It is now a few minutes before noon. Strange sounds begin cascading from the slender Moslem minaret towering above our heads. The sounds are strange to our Western ears, but we have come to look forward to this auditory interruption of our dusty routine. It signals a ten-minute break — a cold drink and a chance to play with Antiochus, a frisky little puppy belonging to one of the Dig leaders.
   Only one hour left. The hottest one of the day. By the time we finish our day, we will be walking piles of dust and dirt, covered from head to toe and distinguishable only by the bright red or blue of our Israeli "shalom" hats. Ah — that cool shower awaiting us back at the hotel !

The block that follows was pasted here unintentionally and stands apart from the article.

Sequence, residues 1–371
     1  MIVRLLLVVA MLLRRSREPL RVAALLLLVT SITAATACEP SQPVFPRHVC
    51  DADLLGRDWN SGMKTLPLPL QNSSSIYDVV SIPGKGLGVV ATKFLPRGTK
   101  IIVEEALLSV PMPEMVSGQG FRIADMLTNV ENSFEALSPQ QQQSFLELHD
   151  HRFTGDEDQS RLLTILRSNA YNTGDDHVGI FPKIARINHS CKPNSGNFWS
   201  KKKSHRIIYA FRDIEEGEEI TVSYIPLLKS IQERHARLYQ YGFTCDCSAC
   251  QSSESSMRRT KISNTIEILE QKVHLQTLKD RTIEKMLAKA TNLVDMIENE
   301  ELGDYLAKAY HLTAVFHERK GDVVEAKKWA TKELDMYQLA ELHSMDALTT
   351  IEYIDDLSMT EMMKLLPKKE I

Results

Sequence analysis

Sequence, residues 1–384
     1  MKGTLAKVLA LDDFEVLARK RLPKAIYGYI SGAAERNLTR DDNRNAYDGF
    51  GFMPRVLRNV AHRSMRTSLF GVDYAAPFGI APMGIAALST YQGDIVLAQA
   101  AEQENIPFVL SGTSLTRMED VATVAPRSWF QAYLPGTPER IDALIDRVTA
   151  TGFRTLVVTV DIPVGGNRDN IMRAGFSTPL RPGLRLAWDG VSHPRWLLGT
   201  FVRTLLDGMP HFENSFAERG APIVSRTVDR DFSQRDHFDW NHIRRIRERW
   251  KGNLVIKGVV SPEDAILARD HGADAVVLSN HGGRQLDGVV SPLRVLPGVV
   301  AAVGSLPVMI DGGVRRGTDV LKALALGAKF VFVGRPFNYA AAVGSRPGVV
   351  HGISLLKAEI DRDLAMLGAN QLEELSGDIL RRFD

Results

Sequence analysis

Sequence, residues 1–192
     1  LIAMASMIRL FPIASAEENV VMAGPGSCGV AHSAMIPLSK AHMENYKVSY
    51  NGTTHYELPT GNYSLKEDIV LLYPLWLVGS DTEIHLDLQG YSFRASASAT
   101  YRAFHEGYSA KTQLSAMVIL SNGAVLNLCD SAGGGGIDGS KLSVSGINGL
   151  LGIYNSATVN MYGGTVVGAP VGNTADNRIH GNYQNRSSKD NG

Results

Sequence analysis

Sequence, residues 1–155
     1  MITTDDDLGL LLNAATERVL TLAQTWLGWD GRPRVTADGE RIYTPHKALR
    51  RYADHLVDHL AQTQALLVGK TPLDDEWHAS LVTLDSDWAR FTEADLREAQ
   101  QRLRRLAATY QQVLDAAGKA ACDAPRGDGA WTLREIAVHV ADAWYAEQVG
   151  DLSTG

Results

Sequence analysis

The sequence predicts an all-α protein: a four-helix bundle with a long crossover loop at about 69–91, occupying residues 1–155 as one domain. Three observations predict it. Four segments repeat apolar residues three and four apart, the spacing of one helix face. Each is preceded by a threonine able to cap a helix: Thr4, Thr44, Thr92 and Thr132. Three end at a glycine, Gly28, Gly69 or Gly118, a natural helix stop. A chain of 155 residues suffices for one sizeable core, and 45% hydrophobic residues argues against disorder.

An Important Service

   But beyond the bright-colored hats, the wheelbarrows and the rubber buckets, the work of these 78 energetic students who have come this summer to dig in Jerusalem is of vital importance to the worldwide work of Ambassador College.
   In their sometimes comical attire, doing their "down-to-earth" jobs on the Dig, they might seem to be just another group of young people come to seek a unique summer far away from home.
   But to the men who direct this important academic project in Jerusalem, Ambassador College students are certainly not "ordinary." Meir Ben-Dov, Professor Mazar's right-hand man, mentioned recently with a clear ring of seriousness, that next year he wanted 250 Ambassador College students. What a fitting tribute to the important and valuable work being done by the students of Ambassador College here in Jerusalem.

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Tomorrow's World MagazineOctober 1971Vol III, No. 10